But instead a further dry discussion over the technicality of an abbreviated judicial appeal, I wanted to speak of Father Mark’s joyful public ministry at our two local parishes that he serves—Francis of Assisi in Rocky Mount, Virginia, and St Joseph’s in Martinsville, Virginia. It is rare, truly rare, to find the Joy in ministry that Father Mark brings. As we are all aware, without God’s Love and Grace, there cannot be true Joy. Without the Holy Spirit moving within us, there can be no true Joy in the fulfillment of God’s promise for us.

Father Mark’s ministry is a rare instance of true Joy in one’s calling. It is a Joy that fills our parishes with Love, and with a vibrancy that is not all that common in many of our parishes today.

It is gift to us that Father truly communicates with his parishioners. Father genuinely listens—with his whole heart, with his full attention and with the wisdom of our Christian Faith. It is a true communication, with each seeking to learn and understand each other, and not a lecture. He has helped me, and others, grow in Faith and Love with his patient communication.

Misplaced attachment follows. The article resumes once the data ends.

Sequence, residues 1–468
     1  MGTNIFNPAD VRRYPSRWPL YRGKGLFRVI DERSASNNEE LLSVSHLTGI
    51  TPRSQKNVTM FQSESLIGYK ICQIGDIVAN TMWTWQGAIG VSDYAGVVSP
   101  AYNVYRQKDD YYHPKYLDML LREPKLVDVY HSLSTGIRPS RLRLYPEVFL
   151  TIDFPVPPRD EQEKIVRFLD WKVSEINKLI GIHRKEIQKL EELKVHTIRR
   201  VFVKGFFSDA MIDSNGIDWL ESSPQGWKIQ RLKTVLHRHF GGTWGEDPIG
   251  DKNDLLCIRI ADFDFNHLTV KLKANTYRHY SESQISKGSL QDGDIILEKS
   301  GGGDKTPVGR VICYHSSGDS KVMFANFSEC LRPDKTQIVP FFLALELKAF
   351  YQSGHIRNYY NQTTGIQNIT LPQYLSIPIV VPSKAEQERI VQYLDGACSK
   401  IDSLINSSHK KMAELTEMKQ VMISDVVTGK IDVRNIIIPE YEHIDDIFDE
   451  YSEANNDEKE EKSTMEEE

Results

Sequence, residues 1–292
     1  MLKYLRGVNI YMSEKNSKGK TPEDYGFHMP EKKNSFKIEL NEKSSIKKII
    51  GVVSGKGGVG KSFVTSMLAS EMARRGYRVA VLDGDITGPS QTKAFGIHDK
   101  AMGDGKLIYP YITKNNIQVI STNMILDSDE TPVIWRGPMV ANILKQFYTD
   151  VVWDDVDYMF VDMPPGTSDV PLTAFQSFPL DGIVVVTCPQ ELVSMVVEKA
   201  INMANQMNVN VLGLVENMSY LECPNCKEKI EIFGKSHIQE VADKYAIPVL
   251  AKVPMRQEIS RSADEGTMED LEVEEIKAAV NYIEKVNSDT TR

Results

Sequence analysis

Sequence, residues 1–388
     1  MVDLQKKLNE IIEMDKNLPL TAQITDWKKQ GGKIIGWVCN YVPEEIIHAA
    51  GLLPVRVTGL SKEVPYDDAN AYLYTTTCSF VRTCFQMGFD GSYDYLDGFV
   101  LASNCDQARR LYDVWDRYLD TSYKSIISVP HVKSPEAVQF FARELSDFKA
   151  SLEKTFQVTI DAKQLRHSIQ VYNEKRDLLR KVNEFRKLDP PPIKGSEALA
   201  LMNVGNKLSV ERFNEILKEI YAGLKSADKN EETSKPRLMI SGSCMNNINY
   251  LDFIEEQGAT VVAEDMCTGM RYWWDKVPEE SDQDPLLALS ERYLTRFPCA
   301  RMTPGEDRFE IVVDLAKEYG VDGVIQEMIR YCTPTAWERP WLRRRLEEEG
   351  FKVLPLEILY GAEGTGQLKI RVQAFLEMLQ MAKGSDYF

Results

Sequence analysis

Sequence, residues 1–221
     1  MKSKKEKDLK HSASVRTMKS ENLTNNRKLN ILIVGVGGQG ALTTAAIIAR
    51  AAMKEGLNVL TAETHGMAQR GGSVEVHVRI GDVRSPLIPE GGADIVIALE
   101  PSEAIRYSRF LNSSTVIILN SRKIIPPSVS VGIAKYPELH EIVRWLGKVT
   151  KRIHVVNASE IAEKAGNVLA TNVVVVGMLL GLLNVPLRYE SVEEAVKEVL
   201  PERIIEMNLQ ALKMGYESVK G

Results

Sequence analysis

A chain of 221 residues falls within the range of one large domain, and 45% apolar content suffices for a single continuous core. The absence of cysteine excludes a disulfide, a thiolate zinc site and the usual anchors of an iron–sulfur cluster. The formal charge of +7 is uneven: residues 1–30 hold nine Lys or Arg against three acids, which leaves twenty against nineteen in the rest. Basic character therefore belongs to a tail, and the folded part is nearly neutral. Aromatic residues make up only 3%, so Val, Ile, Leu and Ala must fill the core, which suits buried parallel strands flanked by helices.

It is a gift to us that Father’s Joy in the Word overflows during the celebration of Mass. Personally, I have transferred from another area parish because God’s Word during his sermons resonates so clearly with me. His Joy in the gift of the Mass is an inspiration and not a mechanistic chore, as it seems at times to a few other priests.

It is a gift to us that Father energizes with the Holy Spirit such a vibrant and nurturing Catholic community. It is a living, dynamic, and growing Faith community, not one that is stagnant and fossilized. With Father’s leadership and example, we celebrate together the many joys of God’s Love for us, and we mourn together the burdens that life may bring. It is a multilingual and multicultural community. It is such a young and dynamic Faith community that, for example, has been inspired by Father to produce more than its share of seminarians for such a small parish.